Fear fell upon Hector as he beheld Achilles. Thus, Hector dared not stay longer where he was but fled in dismay from before the gates, while Achilles darted after him at his utmost speed. As a mountain falcon, swiftest of all birds, swoops down upon some cowering dove--the dove flies before him but the falcon with a shrill scream follows close after, resolved to have her--even so did Achilles make straight for Hector with all his might, while Hector fled under the Trojan wall as fast as his limbs could take him.

On they flew along the wagon-road that ran hard by under the wall, past the lookout station, and past the weather-beaten wild fig-tree, till they came to two fair springs which feed the river Scamander. One of these two springs is warm, and steam rises from it as smoke from a burning fire, but the other even in summer is as cold as hail or snow, or the ice that forms on water. Here, hard by the springs, are the goodly washing-troughs of stone, where in the time of peace before the coming of the Achaeans the wives and fair daughters of the Trojans used to wash their clothes. Past these did they fly, the one in front and the other giving haste behind him: good was the man that fled, but better far was he that followed after, and swiftly indeed did they run, for the prize was no mere beast for sacrifice or bullock's hide, as it might be for a common foot-race, but they ran for their Lives. As horses in a chariot race speed round the turning-posts when they are running for some great prize--a tripod or woman--at the games in honor of some dead hero, so did these two run full speed three times round the city of Priam....

Achilles was still in full pursuit of Hector, as a hound chasing a fawn which he has started from its covert on the mountains, and hunts through glade and thicket. The fawn may try to elude him by crouching under cover of a bush, but he will scent her out and follow her up until he gets her--even so there was no escape for Hector from the fleet son of Peleus. Whenever he made a set to get near the Dardanian gates and under the walls, that his people might help him by showering down weapons from above, Achilles would gain on him and head him back towards the plain, keeping himself always on the city side. As a man in a dream who fails to lay hands upon another whom he is pursuing--the one cannot escape nor the other overtake--even so neither could Achilles come up with Hector, nor Hector break away from Achilles; nevertheless he might even yet have escaped death had not the time come when Apollo, who thus far had sustained his strength and nerved his running, was now no longer to stay by him.

Run Prep

I'm getting ready for the Oktoberfest 5K tomorrow, so I did not do my regular long run today. Instead, I just did a few sprints and recovery intervals--just over 3 miles worth. The chilly breeze and the overcast sky made it feel as if fall may have finally arrived.

Wednesday, October 5

Too Little, Too Late

I got out on the road too late this morning to get in a full run--so, I had to content myself with a quick two miles. Even with cutting things short, I was late to my regular 7 AM prayer meeting. Too little, too late. Story of my life.

Tuesday, October 4

One of Those Days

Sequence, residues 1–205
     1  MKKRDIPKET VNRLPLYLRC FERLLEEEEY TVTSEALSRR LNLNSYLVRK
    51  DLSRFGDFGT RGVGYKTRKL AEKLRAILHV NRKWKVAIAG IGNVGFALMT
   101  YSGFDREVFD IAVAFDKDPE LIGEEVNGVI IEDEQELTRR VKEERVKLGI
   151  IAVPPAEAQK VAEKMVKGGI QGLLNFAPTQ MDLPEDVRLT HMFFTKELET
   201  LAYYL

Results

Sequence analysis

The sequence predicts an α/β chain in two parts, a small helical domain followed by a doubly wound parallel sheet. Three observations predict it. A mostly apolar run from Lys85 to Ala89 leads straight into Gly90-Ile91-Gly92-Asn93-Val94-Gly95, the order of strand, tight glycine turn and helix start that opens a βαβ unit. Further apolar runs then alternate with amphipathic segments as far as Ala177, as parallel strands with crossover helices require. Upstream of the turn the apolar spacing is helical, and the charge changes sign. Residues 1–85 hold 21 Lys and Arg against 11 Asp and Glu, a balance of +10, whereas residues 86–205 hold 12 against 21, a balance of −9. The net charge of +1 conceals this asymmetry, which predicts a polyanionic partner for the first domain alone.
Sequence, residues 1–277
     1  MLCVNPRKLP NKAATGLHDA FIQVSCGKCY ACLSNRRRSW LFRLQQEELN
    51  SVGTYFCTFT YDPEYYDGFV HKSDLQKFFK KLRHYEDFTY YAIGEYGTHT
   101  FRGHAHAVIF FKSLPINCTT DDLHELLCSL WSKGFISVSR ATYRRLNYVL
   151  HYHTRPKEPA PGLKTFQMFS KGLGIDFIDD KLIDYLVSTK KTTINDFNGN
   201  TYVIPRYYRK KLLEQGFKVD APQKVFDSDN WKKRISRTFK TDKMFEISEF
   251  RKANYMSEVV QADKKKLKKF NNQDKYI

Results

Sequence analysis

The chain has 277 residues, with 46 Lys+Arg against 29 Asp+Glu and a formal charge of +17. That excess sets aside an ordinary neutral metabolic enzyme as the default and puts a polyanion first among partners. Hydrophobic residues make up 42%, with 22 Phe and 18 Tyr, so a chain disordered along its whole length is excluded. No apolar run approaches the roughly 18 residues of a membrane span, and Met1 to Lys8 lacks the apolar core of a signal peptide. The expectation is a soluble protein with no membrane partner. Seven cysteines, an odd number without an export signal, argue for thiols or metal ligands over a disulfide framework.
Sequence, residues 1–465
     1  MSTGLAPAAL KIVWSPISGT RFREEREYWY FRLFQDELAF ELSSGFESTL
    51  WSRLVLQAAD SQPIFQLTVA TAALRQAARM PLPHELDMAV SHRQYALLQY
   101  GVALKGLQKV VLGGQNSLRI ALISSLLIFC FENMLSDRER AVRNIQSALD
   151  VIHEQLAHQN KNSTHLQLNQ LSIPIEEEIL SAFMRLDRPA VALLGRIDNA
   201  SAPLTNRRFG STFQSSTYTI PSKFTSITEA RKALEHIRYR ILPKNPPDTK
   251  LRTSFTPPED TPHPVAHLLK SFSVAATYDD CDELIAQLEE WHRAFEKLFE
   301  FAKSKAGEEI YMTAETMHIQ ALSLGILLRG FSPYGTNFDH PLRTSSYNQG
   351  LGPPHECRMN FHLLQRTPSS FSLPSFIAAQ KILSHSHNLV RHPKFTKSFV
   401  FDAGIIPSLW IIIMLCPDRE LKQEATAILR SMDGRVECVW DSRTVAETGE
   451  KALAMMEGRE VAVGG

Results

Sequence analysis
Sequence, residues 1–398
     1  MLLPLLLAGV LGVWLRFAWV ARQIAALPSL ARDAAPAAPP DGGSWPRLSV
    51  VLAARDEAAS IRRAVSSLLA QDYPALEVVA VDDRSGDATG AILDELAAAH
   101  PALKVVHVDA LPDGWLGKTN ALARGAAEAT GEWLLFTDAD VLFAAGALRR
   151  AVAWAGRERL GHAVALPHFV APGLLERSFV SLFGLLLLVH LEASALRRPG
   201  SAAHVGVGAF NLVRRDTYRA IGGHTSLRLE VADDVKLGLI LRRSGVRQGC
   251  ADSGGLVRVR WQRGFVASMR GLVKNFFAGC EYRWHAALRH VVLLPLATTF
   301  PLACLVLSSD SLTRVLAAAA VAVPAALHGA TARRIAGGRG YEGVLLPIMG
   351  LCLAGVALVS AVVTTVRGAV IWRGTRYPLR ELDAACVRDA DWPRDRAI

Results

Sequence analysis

It was just one of those days. First, I had to cancel my regular hill workout because of a series of meetings and minor crises that needed my attention. Then, I had to go to a host of back-to-back-to-back stressful meetings--and anyone who knows me can tell you that I just love meetings, especially stressful ones. Lunch consisted of a smoothie chugged down during one of the aforementioned meetings. So, even though I got home a little late, I was determined to get at least a little run in.

Not surprisingly, my legs felt like lead and I had no wind endurance at all. Huffing and puffing, slow and achy, and as you might guess, more than a little miserable, I was almost quit several times. But then, quite inexplicably, at about mile three I started to get into a good rhythm. It was getting dark, but I just kept going. Finally, after seven miles I just had to call it quits. Even the dogs were begging to go in by then. But I was actually feeling better at the end of mile seven than I did at the end of mile one.

When I first started running two years ago I was thrilled just to make it a mile. Now, it takes me three miles just to warm up! Or maybe it takes me three miles to work all the stress toxins out of my system. Whatever the case, after a day like today, I'm just glad to still be out there.

Monday, October 3

Oktoberfest 5K

One of my favorite fun runs is coming up this Saturday morning. It's the annual Oktoberfest 5K here in Nashville's old Germantown neighborhood in the shadow of the old state capitol. Besides all the beer and brat and oomp-pah-pah at the finish line, my favorite part of the race is the quick dash right through the middle of the downtown Farmer's Market.

Night Flight

After the six-hour drive back from St. Louis I did not feel much like a run. Besides, it would be dark soon. And I ran plenty this weekend. And, and, and, and. Still, I knew I really needed the stress release--to say nothing of the occupied moments at the dimming of the day. So, I forced myself out the door and onto the street.

I made the hours of my drive zip along by listening to Prince Caspian as read by the incomparable Lynn Redgrave. I made the miles of my run zip along by listening to Aimee Mann, Wilco, Springsteen, and Over the Rhine.

In the former case, I got home. In the latter, I got in five miles. In both cases, I was able to do it with a smile--all contrarian circumstances aside.

Saturday, October 1

Lewis and Clark

Well, the plan was to go on a refreshing little three-mile hike along the bluffs overlooking the Merrimac River. Alas, the trails were not very well marked--OK, that's an understatement! The trails weren't marked at all! So, after three and a half hours, some seriously steep climbs, and a lot of trudging along the river bottoms, we felt a bit like Lewis and Clark finally making our way back to civilization. Twelve miles make for a pretty nice--if altogether unexpected--workout!